By Judy Williams
It’s 1967 and Margaret Gilbert is having lunch at the Monte Vista Hotel in Black Mountain. She and Olive Granger are going to talk about their plan to develop an Art League. Gilbert has been associated with a strong organization of artists in Pennsylvania and she and a few other local artists are longing to start such a group in the Swannanoa Valley. She and Granger will work together on the recruitment of members.
Before getting down to business, they talk about the premier of the Smothers Brothers Comedy Hour and how the music of the day— songs like I’m a Believer by the Monkees, Happy Together by The Turtles and R-E-S-P-E-C-T by Aretha Franklin—supports their adventure of creating something new. The women get out their notepads and begin listing the artists—all painters of course—they plan to invite to an organizational meeting for what they want to call the Swannanoa Valley Art League.
This vignette serves as a window to the past, as the members of the current Swannanoa Valley Fine Arts League celebrate their 50th anniversary. Most of the artists recruited in 1967 were happy and able to give the time and energy required for the development of an art league in the Swannanoa Valley. Art was their passion, and according to the Bureau of Labor Statistics only 11.2 percent of women were employed outside of the home.
The first meeting was organized with 16 members who met at the Monte Vista Hotel. During the 1967-68 season, 25 more members were recruited. They represented Black Mountain, Montreat, Swannanoa, Asheville, Morganton— and Holdenville, Oklahoma! Only one man, Carl Beust, was recorded for membership in the Art League in 1968. Later membership records show the notation: “We need more men!” (Of the 147 current members, 26 are men.)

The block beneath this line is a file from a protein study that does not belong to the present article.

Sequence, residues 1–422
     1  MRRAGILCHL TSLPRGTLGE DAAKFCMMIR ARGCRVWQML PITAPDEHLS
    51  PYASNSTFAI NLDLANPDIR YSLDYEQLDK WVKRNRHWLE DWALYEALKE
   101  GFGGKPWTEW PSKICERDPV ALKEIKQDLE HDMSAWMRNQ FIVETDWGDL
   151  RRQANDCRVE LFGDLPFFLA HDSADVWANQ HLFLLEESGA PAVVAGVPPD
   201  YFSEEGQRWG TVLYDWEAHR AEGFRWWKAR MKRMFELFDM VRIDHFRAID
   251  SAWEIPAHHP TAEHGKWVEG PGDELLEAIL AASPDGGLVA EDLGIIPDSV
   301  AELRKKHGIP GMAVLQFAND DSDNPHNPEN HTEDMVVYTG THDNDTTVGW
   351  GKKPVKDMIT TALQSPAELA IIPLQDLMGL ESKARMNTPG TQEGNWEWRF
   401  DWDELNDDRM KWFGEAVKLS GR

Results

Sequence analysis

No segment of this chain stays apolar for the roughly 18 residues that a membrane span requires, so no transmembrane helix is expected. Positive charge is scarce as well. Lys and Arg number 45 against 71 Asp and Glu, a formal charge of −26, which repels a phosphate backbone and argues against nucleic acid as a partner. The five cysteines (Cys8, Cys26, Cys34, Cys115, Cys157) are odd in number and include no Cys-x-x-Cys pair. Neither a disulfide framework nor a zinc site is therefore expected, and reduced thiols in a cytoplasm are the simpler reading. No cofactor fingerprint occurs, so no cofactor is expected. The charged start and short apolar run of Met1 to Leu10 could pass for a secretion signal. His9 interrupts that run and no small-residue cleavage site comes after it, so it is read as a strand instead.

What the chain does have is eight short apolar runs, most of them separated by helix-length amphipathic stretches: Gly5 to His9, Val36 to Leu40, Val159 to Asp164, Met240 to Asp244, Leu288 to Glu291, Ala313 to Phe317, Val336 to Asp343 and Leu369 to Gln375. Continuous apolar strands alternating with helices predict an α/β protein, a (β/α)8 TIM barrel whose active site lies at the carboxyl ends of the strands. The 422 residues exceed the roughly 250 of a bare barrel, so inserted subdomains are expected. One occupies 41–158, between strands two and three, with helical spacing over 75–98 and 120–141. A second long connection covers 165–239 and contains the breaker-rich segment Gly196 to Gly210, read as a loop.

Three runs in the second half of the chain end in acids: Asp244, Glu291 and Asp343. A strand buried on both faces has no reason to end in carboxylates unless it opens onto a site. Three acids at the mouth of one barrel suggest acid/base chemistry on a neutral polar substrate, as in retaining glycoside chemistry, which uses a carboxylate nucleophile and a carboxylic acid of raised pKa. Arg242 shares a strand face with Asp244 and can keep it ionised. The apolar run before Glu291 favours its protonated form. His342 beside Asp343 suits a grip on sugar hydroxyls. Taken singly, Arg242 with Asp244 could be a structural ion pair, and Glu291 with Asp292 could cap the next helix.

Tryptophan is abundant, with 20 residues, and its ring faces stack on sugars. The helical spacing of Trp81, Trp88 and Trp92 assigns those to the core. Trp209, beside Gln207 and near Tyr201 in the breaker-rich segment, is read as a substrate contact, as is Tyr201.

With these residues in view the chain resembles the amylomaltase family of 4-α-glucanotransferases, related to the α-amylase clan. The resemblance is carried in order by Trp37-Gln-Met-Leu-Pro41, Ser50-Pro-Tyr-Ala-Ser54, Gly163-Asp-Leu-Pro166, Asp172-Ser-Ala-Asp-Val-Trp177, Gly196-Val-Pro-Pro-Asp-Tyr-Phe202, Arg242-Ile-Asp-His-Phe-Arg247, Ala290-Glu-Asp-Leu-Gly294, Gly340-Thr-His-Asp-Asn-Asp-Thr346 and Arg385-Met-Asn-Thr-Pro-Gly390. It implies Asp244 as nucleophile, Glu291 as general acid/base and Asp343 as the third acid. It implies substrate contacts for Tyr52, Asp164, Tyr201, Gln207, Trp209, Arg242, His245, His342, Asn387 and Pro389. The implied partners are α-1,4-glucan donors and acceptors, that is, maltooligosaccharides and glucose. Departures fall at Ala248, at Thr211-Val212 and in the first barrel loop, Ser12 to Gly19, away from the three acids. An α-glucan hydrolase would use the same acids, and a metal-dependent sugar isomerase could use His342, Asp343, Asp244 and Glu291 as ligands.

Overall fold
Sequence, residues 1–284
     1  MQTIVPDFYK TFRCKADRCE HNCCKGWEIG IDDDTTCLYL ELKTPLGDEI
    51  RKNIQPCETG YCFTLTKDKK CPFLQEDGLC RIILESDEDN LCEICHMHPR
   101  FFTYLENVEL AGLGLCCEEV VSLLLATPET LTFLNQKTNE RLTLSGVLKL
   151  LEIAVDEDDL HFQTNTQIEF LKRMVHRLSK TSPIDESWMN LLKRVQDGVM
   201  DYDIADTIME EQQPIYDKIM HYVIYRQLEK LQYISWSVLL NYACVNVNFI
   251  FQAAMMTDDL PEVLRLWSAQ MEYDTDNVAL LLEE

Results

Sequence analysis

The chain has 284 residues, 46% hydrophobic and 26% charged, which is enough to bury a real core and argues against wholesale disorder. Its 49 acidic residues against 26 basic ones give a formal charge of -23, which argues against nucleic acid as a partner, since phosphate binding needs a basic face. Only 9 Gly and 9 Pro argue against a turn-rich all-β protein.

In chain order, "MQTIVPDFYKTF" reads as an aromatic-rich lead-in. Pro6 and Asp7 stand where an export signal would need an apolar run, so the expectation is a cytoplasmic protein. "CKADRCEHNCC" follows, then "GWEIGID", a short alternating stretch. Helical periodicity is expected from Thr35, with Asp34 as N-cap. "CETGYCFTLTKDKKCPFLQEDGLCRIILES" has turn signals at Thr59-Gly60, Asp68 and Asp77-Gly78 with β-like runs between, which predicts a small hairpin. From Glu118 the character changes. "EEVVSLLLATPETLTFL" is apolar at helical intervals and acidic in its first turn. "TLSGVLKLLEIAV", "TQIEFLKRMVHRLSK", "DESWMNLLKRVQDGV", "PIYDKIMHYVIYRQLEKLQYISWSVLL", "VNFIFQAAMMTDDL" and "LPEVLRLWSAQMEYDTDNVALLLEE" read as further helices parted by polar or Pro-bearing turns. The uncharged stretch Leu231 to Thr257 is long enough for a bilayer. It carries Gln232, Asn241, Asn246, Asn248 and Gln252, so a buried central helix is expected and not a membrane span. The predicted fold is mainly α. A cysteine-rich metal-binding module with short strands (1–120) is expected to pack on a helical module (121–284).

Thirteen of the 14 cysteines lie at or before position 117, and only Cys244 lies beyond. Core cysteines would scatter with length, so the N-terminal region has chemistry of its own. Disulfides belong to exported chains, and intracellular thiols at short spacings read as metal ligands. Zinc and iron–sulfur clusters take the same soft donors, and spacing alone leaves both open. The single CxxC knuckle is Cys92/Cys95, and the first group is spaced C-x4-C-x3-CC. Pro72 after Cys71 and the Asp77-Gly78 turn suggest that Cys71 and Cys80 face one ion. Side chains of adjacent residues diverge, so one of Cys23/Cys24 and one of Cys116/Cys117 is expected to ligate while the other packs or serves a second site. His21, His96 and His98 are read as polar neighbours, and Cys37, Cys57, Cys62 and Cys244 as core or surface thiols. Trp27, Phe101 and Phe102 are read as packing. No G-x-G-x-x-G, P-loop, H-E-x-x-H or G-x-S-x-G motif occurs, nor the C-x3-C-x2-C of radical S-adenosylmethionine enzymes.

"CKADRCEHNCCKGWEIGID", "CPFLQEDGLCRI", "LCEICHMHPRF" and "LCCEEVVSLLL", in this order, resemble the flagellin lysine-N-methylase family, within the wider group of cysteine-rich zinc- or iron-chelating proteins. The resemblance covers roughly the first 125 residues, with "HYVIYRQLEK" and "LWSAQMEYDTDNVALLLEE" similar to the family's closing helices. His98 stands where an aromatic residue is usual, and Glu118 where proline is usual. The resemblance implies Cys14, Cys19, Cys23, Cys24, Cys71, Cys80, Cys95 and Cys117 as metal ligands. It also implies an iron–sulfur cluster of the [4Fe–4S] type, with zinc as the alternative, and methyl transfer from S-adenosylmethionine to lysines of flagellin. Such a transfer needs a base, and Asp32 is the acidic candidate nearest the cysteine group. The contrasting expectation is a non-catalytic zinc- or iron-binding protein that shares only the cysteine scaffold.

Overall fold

One of the founding members was Mary McMurray, who served as the first treasurer, collecting dues of $3 per year. (Today, dues are still a bargain at $35 a year). Regular meetings, displays of work and varied art classes were held. Over time the group met and/or displayed their work at the Monte Vista, the Black Mountain Public Library, the Swannanoa Clubhouse (now the Public Library), members’ homes, the Black Mountain Center for the Arts, Black Mountain Presbyterian Church and even the McMurray Chevy Showroom. The Green House near the State Veterans Cemetery provided their first long-term home.
“There were hard times, but the League kept it together and kept going, although an Asheville league had folded,” says McMurray. The spirit within the group was robust and opportunities for participation in classes led by highly respected artists such as Sterling Edwards, Tom Jones, Douglas Grant, Tucker Cook and Joseph Vandermoor were many.
In 2011, after a year of investment of time, funds and the sweat equity of members, the Swannanoa Valley Fine Arts League, in cooperation with the Monte Vista Hotel, was able to move into what is now known as the Red House, at 310 West State Street in Black Mountain. One of the galleries in the studio and display space is named after Mary McMurray.
We may no longer be clad in shift dresses with gloves or be sporting beehive or flip hairdos, but the League members are grateful for the dedication of those who gave their energies and care to this group through the years. And they look forward to continuing the legacy of robust participation.
For more information, visit svfalarts.org.